Where Have All the Democrats Gone?
By John Judis and Ruy Teixeira
Henry Holt, 336 pages, $28.99
Ours Was the Shining Future: The Story of the American Dream
By David Leonhardt
Random House, 528 pages, $32
A couple of years ago, Bruce Springsteen starred in “The Middle,” a Super Bowl commercial that doubled as a sentimental PSA for the preservation of a dying breed—the political moderate. In it, the Jersey crooner drives to a wind-beaten chapel in Lebanon, Kan., near the geographic center of the United States, a handy visual metaphor for his middle-of-the-road political philosophy. The two-minute spot mythologized the rootsy, hardscrabble wisdom of the rural Midwest and called for us all to find the dignified halfway point “between red and blue,” preferably while sitting in a Jeep Wrangler (it was a Jeep ad, after all).
The commercial was like a love letter to Springsteen’s podcast partner, Barack Obama, whose political approach at times felt like an attempt to plot every single issue and policy on an imaginary spectrum between left and right and then take aim for the dead center.
What the commercial left out was the stark reality of Lebanon, Kan. There isn’t much there anymore. It’s a dying farm town whose population has dropped by 60 percent since the 1980s. In 2006, The New York Times featured Lebanon in a story about the “doom loop” of rural flight. Nor is the surrounding Smith County exceptionally keen on Obama-style centrism; 4 of 5 voters cast a ballot for Donald Trump in 2020.
Sorry, Boss, but Lebanon’s fall wasn’t precipitated by partisan discord, but the opposite: a generational neoliberal consensus between the center left and center right that shaped the presidencies of Jimmy Carter, Ronald Reagan, the Bushes, Bill Clinton, and Obama. Their legacy includes globalization, deregulation, and a shrinking safety net for the working class, paired with tax-cutting welfare for the rich. Returning to that kind of Third Way centrism—Milton Friedman economics plus cultural progressivism—seems about as appealing as a Rangers-Diamondbacks World Series.
Is it possible, however, to imagine a bizarro-world version of the center, one that successfully blends social conservatism—or, perhaps more plausibly, moderation on culture-war issues—with economic progressivism? That’s the provocative question raised by two worthwhile new books: Where Have All The Democrats Gone?, by longtime writer duo John Judis and Ruy Teixeira, and Ours Was the Shining Future: The Story of the American Dream, by New York Times journalist David Leonhardt.
The Judis-Teixeira book reads like a classic polemic, while Leonhardt’s is more reportorial. Yet the two arrive at similar conclusions. Both hold up midcentury America—the New Deal order that spanned roughly from the 1930s through the ’60s—as the zenith of the modern nation-state. Both look with jaundiced eyes at a 21st-century America plagued by institutional decline, stagnant real wages, low social trust, rising crime, and grotesque inequality—all while Congress barely functions and media of all stripes fight pitched battles over the skin color of Snow White’s seven dwarves. Now what?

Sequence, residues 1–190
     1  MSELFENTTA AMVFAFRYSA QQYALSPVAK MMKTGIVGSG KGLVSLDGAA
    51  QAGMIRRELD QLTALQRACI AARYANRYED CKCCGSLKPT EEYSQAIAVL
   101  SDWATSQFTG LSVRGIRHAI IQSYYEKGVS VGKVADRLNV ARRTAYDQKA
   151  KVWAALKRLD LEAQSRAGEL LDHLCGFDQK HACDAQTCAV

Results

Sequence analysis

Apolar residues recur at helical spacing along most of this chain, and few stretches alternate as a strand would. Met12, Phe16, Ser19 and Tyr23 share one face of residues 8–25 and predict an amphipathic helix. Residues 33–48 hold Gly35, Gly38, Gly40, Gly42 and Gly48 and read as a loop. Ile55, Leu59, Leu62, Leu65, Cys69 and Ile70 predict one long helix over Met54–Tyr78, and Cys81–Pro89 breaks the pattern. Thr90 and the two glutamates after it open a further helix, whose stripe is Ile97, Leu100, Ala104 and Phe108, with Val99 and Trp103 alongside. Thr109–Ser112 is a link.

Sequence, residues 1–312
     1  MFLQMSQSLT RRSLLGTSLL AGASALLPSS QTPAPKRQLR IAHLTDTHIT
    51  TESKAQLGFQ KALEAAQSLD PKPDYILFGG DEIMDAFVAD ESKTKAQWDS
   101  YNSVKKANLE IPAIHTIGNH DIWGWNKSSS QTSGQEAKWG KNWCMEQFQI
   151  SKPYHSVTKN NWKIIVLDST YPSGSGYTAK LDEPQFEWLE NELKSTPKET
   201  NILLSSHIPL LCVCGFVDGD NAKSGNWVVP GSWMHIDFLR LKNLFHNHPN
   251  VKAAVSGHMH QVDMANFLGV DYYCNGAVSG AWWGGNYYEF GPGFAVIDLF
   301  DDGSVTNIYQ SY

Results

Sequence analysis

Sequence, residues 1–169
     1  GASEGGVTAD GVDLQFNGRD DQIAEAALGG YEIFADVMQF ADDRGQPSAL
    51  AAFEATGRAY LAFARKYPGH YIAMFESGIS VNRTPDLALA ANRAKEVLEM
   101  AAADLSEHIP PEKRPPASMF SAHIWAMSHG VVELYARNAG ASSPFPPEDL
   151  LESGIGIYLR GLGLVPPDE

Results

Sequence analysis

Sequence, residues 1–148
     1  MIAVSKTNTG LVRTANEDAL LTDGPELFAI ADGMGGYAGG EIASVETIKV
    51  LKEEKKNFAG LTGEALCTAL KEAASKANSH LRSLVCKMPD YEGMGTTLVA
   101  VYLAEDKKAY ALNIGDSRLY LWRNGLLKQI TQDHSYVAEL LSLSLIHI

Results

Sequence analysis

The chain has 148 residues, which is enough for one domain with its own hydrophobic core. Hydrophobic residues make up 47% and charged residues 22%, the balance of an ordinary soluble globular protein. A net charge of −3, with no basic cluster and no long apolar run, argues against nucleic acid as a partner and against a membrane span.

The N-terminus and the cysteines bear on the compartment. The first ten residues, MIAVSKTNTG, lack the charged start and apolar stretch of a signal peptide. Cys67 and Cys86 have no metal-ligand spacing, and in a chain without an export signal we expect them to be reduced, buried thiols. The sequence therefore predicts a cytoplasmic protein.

Well, in an age of endless remakes, there are rising calls for a reboot of the New Deal order and the restoration of—for lack of a better term—the “vital center” trumpeted by the likes of Arthur Schlesinger Jr., with its powerful labor unions, can-do reformers like Robert F. Kennedy, and cowed business elites.
“New Deal liberals were liberal, progressive, and social democratic in their economic views, dedicated to creating a better balance of power between labor and business and security against poverty, unemployment, disease, and old age,” write Judis and Teixeira. “But by today’s standards, the New Deal Democrats were moderate and even small-c conservative in their social outlook.” They presented themselves as defenders of “the forgotten American” and his humble values over and against “the merchant and banking class of Northeastern Protestants.”
For Judis and Teixeira, Where Have All The Democrats Gone? functions in part as a corrective to their best-known collaboration, The Emerging Democratic Majority, published two decades ago. Back then, the authors tried to counter the liberal despondency of the George W. Bush era by projecting that America’s changing demographics would cement Democratic primacy for the foreseeable future: the more people of color, the better the outlook for Team Blue.
“If these voters remain solidly Democratic,” Judis and Teixeira speculated back then, “they will constitute a formidable advantage for any Democratic candidate. Democrats could suffer from an embarrassment of political riches.” Democrats and liberal media took this as holy prophecy, and lo, Obama was elected in 2008. A Time cover the following year depicted an elephant below the headline “Endangered Species,” as if Judis and Teixeira’s prediction had already come true.